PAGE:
And fwiw, there actually are chemicals that you can use to identify some mushrooms, but the government has banned them -- one for being a date rape drug, the other because it's a precursor to meth.

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> In the 50+ year history of amateur mycology clubs in the U.S., there hasn't been a single recorded death from mushroom poisoning.

Are you doing some kind of special counting because even cursory googling suggests that this is not the case.

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> Are you doing some kind of special counting because even cursory googling suggests that this is not the case.

What I meant was there have been no deaths among members of amateur mycological associations. There have obviously been deaths among the general public, but that's not what I'm talking about.

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> Until recently, we kept copies of repository data using off-the-shelf, disk-layer replication technologies—namely, RAID and DRBD. We organized our file servers in pairs. Each active file server had a dedicated, online spare connected by a cross-over cable.

With all the ink spilled about creative distributed architectures, it's really humbling to see how far they grew with an architecture that simple.

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I'm not surprised really. I never worked at GH scale, but anyway learned early that simple solutions just work. Want a db cluster? Why not active-passive M-M instead. Want a M-M setup? Why not dual server and block replication.

Complicated things fail in complicated ways (looking at you, mysql ndb cluster), while simple solutions just work. They may be less efficient, but you'd better have a great use case for spending time on a new, fancy clustering solution - and even better idea how to handle it's state / monitoring / consistency.

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For the real use cases for the fancy clustering solution, the benefits can be huge... and complicated things built with failure in mind actually fail in quite simple ways. DGit is an example in itself. Sure it heavily leverages the complexity of git's versioning/branching/distributed vcs mechanism to get the job done, but compared to a SAN or RAID + DRBD, the failure scenarios are much more straightforward to deal with.

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I agree. As long as you have people who can build it tailored to the service and handling all the errors. GH can afford doing that almost from scratch. Or if you're sure that this is exactly the solution you need and are familiar with the failure scenarios.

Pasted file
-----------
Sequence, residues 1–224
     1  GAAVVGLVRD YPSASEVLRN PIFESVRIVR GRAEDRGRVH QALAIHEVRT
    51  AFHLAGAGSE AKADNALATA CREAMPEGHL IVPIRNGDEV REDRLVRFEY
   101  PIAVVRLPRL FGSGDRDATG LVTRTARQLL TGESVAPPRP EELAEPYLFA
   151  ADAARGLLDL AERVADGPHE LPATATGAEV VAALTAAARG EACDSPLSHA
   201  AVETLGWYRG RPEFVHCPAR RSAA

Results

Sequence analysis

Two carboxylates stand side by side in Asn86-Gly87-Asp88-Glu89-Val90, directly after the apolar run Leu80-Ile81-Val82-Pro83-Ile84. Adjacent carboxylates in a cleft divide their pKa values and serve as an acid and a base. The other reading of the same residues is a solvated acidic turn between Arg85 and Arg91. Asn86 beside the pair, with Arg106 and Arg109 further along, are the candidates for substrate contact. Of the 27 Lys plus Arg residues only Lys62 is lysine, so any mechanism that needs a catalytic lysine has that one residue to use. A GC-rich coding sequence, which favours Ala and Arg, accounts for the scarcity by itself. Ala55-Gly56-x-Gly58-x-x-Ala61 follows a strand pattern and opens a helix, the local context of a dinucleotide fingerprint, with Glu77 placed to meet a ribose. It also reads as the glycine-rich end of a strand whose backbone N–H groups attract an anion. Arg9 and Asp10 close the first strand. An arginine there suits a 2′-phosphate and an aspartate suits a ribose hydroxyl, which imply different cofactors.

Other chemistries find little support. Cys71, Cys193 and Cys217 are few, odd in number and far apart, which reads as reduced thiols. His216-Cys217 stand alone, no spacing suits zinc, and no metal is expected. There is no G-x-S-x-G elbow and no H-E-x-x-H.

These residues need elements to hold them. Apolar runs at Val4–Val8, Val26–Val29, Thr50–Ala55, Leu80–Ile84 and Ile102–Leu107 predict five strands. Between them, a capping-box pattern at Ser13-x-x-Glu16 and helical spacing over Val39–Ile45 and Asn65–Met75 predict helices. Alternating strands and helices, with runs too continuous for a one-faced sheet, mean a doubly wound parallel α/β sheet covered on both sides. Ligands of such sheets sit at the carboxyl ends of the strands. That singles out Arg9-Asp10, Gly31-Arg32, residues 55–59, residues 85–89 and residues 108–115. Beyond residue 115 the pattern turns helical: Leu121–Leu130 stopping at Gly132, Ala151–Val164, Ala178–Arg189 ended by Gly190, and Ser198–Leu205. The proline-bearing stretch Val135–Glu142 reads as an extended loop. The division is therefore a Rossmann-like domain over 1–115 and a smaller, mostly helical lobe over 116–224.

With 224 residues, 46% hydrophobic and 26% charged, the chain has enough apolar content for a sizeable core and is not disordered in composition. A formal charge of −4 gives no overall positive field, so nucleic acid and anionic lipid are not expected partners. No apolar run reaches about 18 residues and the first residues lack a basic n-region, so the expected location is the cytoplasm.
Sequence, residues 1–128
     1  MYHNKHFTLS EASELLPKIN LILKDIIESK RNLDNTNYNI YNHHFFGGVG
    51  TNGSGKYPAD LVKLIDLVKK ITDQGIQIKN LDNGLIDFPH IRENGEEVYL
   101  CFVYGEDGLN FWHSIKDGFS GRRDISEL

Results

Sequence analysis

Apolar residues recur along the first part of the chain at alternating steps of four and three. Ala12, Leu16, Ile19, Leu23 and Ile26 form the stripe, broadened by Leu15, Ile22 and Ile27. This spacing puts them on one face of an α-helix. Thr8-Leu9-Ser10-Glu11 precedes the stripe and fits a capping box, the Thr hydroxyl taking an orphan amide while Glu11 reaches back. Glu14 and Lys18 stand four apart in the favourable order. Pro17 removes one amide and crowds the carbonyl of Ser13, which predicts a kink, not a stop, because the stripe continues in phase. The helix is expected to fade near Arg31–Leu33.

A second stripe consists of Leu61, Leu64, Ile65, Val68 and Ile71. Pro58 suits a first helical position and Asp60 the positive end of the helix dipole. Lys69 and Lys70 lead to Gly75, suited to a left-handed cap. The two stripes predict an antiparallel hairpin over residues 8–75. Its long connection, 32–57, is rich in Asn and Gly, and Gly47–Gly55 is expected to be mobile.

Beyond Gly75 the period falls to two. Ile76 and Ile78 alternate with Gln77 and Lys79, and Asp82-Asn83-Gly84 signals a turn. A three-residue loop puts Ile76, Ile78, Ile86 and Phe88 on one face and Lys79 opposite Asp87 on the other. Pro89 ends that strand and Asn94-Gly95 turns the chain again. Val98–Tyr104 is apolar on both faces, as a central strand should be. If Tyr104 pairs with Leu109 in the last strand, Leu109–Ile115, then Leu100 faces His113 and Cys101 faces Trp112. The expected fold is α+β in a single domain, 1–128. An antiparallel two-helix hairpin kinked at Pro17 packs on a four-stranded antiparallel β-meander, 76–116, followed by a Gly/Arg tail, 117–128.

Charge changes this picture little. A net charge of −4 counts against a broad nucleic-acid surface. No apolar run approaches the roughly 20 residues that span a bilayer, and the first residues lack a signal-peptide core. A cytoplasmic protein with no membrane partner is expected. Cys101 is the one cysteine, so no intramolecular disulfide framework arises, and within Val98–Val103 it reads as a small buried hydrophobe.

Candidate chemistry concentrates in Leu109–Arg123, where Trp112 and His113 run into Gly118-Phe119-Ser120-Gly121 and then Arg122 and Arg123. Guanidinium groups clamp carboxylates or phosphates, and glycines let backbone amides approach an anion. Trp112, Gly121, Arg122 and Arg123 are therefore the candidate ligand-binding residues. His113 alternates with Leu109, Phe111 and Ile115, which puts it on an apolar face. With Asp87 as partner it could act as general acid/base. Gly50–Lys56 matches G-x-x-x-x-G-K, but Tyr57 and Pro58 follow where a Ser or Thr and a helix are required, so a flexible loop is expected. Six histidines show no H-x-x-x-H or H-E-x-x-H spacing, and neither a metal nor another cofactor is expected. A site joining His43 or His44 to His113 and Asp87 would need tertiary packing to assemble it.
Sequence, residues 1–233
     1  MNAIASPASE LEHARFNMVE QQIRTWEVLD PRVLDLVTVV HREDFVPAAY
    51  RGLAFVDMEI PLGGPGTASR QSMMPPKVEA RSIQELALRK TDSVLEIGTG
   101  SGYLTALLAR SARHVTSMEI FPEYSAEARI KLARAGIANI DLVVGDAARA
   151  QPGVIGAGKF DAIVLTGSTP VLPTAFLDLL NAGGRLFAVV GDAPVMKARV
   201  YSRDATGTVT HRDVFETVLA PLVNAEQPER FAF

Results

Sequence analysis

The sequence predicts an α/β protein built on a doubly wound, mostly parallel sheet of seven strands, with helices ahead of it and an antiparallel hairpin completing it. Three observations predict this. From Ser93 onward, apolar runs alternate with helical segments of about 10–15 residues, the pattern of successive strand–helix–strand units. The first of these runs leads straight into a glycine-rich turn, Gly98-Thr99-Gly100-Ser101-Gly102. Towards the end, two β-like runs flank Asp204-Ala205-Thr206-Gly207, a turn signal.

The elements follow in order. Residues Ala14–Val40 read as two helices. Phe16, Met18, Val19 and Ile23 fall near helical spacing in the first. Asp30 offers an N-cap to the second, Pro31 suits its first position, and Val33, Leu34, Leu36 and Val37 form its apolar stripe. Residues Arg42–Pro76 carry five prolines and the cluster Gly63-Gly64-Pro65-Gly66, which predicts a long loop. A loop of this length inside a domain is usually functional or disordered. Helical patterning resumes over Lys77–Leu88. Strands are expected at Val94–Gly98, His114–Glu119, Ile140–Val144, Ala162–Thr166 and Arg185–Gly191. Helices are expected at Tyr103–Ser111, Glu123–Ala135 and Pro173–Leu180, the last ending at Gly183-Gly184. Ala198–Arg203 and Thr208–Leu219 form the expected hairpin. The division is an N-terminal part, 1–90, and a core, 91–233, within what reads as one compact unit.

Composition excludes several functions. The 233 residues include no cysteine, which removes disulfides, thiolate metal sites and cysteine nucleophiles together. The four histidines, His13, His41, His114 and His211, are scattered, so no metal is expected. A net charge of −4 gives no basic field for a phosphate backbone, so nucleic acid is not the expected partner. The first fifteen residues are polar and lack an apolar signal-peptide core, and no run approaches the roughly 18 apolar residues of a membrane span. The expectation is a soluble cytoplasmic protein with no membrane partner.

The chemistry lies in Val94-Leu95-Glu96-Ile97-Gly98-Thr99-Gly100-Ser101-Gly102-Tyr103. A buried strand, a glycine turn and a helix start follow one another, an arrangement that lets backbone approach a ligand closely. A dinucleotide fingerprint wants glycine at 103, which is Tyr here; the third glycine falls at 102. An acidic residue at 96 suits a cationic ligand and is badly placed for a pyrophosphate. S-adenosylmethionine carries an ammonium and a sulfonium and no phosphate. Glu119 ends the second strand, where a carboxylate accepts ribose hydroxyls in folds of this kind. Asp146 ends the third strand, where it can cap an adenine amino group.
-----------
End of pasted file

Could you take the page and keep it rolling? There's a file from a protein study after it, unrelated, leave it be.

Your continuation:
But from what I've seen in a few places, a lot of people jump to cluster solutions without either a real need or enough people to support it.

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> But from what I've seen in a few places, a lot of people jump to cluster solutions without either a real need or enough people to support it.

Totally.

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It amazes me that television viewing data is still valuable to someone in 2016.

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Microsoft filed for a patent to detect number of people watching video on a console:

http://www.wired.co.uk/news/archive/2012-11/07/microsoft-pat...

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You think people, or enough people, don't watch TV any more?

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Consumption of TV has moved almost entirely to platforms that can track that data themselves (for example through a set top box or directly on the web), without requiring someone to have a smartphone turned on, running spyware, in the room.

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I think this data is still useful because there isn't a one-to-one correspondence between those devices and the viewers. A box might be left on with nobody around, or it might be the center of a viewing party with twenty people. They also want to know who is watching, since demographics count for a lot.

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And the people using such invasive apps aren't the people running those boxes, either, so they don't have access to the data.